I do drink coffee. I didn’t drink it during the first 16-17 weeks because I couldn’t stomach anything, especially coffee. But I love coffee in the morning, so I eventually gave in around 20 weeks and started drinking it again. With the twins I didn’t, but since I actually have other kids now I feel like it’s a necessity to function in the morning 🙂 I love Caribou coffee, but we don’t have that here, so I drink the Kroger Columbia blend (to save money). I like it with some milk in it. Since I have gestational diabetes, for a treat, I’ll get a decaf skinny vanilla latte at Starbucks if I’m out for coffee. Normally I get the normal kind. 🙂

Read This: Give Her Wings

posted in: Books, Uncategorized, Women | 1

Give Her Wings

I feel like the title of the book should be a country song – but I won’t venture there.

This is a more serious book with a serious message, not appropriate for a country song.

Megan Cox has become a friend of mine through another friend, and she has such a heart for ministering to women who have come from situations that no woman would desire.  She shares much of her story in Give Her Wings, and that is one of the reasons that Give Her Wings is such a powerful book.  When women share their story, where God met them, how God brought them new life from death, created a new heart where only death lived, it is a miraculous story.

She shares her story in this book and offers hope and counseling to women who might be struggling in similar situations.  She ministers to women with God’s truth on her lips and understanding in her heart.  This book speaks of that understanding and also can be used as a guide in how to minister to hurting women.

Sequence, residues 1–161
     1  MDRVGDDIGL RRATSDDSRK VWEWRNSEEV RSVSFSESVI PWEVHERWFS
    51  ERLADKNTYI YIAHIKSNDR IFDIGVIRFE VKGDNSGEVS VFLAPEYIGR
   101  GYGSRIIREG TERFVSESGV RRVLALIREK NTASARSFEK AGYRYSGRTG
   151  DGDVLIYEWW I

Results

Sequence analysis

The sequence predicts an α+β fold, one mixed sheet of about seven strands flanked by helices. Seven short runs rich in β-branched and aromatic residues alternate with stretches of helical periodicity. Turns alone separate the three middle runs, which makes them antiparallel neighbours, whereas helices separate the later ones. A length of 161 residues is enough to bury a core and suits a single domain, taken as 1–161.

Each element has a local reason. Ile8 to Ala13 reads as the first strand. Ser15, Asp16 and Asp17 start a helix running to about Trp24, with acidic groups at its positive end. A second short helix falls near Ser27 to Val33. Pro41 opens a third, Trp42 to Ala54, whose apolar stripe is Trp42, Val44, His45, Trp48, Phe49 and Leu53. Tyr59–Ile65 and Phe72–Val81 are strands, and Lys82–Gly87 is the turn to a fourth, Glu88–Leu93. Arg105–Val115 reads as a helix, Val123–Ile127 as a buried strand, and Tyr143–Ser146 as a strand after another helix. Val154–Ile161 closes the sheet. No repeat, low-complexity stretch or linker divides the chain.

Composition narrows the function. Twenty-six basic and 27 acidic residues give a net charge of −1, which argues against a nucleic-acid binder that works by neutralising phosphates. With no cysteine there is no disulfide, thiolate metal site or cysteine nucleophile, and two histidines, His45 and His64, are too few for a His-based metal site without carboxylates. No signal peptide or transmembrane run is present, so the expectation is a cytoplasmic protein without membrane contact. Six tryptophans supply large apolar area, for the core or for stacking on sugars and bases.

One of the best things I’ve read in this book is the following:

“Speak God’s truth into her life.  She Scriptures that encourage and comfort.  Remind her she is not alone.  Bless her with the Word.  If she heads condemnation, her crisis of faith may very well tip to the wrong direction.” (pg 89)

There is a spot of time that women who are coming out of hurting relationships are open to hearing God’s truth. Relationships can be redeemed by God’s Love and Justice.  He can bring healing.  And it is books like this that offer that Love, hope, and truth to hurting women.


Hope in a Sexually-Broken World

Hope in a Sexually-Broken World

Sex. God created it. Blessed it. He saw that it was good.

Then sin destroyed it. Sin distorts and kills everything.

There is only one hope for sin: Jesus.

In the Fall, I heard Dr. Albert Mohler give a talk at my church.  He shared the trauma and results of living in a sexually-broken world. How far and wide its affects are. This one area touches so many other avenues in the churches, our homes, our societies, and our world.

Allow me to explain what I mean when I say a “sexually-broken”: anything outside of God’s amazing plan for a hope-filled, Christ-exalting sex life within a marriage of two people: a man and a woman, for life.  Everything else is sin.  And that leads to a sexually-broken world.

This brokenness can come in the form of physical/sexual abuse, pornography, lust, rape, addictions (think 50 Shades of Gray), homosexuality, sex-trafficking, prostitution…the list could go on.

Some of you might not be aware of how pervasive this brokenness is.  But, look that the Super Bowl for example: one of the highest profiting days for selling sex.